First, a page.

Here are some fundamentals to consider:
Keep an eye on the bigger picture: A new day always comes. A new door always opens. It is important to recognize that the future is full of promise. Meeting our goals requires constantly imagining and crafting our journey despite the present situation. It is okay not to have all answers right away. They will come. We can’t control everything, however, we can control ourselves: how we choose to respond, our own attitudes, how we let go, and our outlook–moving forward by keeping our eyes on the bigger picture.
Learn from bad times: In bad times it’s easy to think that fate is unkind and unfair in its approach to teaching us harsh lessons. It hurts, but sadly it is often only through hardship that we discover our inner strengths and capabilities. Despite our darkest moments, it is our duty to stay connected to our core intention. We can leverage newfound strengths and capabilities to proceed with complete commitment, believing in our own intuition and ourselves.
Spend time with people who are uplifting: The people we surround ourselves with make the difference between failure and success. It’s not only whom we surround ourselves with that matters, but also how we interact with them that make the difference. It’s important to be reminded of the people who believe in and support us and to cultivate those relationships. Spending time with people who make you stronger requires intentional effort, and is a key component in being able to move forward.
Equally important is to avoid people who bring us down, waste our time, take us backward, and have no interest in our suffering. A close friend constantly reminds me to “get rid of toxic people from your daily life.” While we cannot always avoid them, at a minimum we can choose to not allow them to weaken us.
Authentic leaders reach their highest potential by taking risks that are consistent with their ethos and values. They lead by constantly standing on an uncomfortable ledge.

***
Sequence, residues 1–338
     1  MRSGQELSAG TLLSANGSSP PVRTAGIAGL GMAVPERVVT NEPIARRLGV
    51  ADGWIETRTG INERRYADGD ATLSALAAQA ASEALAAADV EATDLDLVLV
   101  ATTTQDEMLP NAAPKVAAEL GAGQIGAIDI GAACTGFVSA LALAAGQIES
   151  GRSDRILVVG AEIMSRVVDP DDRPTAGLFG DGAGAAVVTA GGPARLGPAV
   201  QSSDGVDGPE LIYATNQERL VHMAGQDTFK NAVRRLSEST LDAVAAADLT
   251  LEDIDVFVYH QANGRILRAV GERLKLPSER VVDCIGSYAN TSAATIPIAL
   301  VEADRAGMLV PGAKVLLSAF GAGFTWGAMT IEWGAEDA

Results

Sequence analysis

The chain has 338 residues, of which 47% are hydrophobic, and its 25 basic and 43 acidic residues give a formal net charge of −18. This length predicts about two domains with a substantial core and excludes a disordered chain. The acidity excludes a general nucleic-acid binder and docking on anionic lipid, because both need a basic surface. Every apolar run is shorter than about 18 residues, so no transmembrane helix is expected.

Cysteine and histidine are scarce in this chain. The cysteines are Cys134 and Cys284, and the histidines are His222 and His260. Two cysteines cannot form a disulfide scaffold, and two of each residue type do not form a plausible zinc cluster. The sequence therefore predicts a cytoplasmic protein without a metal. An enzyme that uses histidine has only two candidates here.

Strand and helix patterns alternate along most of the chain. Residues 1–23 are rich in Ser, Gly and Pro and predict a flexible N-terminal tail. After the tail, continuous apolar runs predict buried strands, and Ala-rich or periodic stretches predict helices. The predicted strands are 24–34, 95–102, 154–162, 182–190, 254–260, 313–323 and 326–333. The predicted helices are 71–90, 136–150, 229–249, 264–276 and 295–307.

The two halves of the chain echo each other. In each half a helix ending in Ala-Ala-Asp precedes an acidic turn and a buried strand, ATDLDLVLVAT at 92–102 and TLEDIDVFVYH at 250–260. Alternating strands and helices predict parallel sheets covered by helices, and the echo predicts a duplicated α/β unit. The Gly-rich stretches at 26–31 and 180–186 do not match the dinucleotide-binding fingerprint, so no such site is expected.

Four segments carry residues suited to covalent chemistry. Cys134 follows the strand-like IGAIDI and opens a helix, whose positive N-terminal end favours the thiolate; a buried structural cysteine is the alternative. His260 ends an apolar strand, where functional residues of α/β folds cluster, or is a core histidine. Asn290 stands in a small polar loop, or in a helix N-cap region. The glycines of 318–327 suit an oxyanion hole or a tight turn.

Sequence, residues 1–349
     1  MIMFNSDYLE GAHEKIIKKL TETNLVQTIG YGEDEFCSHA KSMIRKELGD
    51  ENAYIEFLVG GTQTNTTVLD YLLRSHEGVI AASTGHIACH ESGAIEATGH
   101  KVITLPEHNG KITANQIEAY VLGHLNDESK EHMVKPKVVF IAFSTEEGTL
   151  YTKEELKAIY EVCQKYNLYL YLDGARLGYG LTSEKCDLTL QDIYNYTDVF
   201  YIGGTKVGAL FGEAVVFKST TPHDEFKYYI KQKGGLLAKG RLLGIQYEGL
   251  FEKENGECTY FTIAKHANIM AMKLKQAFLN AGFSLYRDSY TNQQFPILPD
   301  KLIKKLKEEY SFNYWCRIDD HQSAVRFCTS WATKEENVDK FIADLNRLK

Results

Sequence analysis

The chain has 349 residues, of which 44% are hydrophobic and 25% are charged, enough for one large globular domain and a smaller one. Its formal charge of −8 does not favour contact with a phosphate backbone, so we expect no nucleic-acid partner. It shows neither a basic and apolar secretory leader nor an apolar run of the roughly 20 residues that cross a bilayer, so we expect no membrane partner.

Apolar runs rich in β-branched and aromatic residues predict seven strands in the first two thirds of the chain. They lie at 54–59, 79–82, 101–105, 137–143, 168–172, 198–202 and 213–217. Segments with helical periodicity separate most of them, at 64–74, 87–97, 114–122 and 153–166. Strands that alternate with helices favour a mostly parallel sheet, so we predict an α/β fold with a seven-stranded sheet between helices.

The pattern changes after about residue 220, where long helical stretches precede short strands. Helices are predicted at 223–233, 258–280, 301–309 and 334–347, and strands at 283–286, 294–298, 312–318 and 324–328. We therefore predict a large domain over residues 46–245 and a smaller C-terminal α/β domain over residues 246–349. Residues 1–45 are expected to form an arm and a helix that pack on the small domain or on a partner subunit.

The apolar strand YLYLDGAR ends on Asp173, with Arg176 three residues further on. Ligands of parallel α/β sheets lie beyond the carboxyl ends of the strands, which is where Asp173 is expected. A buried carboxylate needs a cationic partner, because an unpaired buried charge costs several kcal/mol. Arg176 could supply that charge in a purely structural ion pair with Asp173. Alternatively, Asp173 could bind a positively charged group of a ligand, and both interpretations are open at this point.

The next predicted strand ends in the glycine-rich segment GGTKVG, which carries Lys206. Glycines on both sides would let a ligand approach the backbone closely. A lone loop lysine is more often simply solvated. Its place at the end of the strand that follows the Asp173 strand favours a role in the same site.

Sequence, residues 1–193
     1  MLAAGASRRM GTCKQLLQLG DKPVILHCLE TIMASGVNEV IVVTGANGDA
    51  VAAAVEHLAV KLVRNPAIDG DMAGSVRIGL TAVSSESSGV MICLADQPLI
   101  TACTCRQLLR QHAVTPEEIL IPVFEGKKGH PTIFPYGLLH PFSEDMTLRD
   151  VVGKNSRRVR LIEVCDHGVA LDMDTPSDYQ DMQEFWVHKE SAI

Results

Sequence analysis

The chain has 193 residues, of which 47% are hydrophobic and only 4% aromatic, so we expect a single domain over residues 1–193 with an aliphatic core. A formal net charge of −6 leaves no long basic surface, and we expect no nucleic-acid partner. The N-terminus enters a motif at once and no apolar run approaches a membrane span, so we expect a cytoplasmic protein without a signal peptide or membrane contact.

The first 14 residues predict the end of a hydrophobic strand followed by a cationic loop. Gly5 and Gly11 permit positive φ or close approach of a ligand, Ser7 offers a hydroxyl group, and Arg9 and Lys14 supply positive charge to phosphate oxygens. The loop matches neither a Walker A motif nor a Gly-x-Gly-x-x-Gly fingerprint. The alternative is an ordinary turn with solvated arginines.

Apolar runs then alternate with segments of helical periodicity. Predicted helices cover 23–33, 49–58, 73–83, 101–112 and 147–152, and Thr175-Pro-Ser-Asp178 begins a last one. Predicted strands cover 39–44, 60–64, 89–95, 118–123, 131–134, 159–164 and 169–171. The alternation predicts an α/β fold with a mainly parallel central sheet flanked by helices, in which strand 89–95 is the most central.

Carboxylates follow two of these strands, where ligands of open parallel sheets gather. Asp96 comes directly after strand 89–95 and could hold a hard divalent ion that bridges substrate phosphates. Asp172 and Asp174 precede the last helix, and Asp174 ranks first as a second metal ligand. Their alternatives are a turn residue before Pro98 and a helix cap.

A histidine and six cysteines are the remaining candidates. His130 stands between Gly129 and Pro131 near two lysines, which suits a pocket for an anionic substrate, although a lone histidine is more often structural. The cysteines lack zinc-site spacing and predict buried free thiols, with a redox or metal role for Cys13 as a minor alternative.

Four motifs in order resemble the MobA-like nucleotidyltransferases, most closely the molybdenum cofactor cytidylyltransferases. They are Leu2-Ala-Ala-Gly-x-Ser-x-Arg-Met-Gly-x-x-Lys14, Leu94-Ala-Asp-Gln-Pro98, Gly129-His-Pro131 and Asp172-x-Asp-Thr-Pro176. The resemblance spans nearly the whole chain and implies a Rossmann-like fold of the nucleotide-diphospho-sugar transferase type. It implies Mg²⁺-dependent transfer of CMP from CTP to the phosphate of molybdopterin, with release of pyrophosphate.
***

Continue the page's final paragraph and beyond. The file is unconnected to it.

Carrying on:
Leading from the ledge requires:
Excellence, not perfection: We live in a diverse and imperfect world. Every single one of us is a work in progress. In many ways, perfection implies something has come to its end. Authentic leaders commit themselves to excellence in everything they do. They are constantly pushing the envelope and raising their standards. And they have the wisdom to know the difference between excellence and perfection.
Flexibility: Lao Tzu said, “Water is fluid, soft, and yielding. But water will wear away rock, which is rigid and cannot yield. As a rule, whatever is fluid, soft, and yielding will overcome whatever is rigid and hard. This is another paradox: What is soft is strong.”
Our ability to effectively survive, thrive, and lead comes from flexibly riding out our ups and downs. An authentic journey does not always come from blasting through rocks and impediments, rather from having the faith, resilience, and adaptability to cope with the harsh realities of life.
Comfort in uncertainty: I often refer back to Comfortable with Uncertainty by Pema Chödrön. She writes:
This path has one very distinct characteristic: it is not prefabricated. It doesn’t already exist. The path that we’re talking about is the moment-by-moment evolution of our experience, the moment-by-moment evolution of the world of phenomena, the moment-by-moment evolution of our thoughts and emotions. The path is uncharted. It comes into existence moment-by-moment and at the same time drops away behind us. When we realize that the path is the goal, there’s a sense of workability. Everything that occurs in our confused mind we can regard as the path. Everything is workable.
This is the mantra of an authentic leader who does not follow someone else’s footsteps. It is his/her comfort with all the uncertainties that drives his/her soul to make an impact, a difference, a legacy for greater good.
[Image: Flickr user Pulpolux]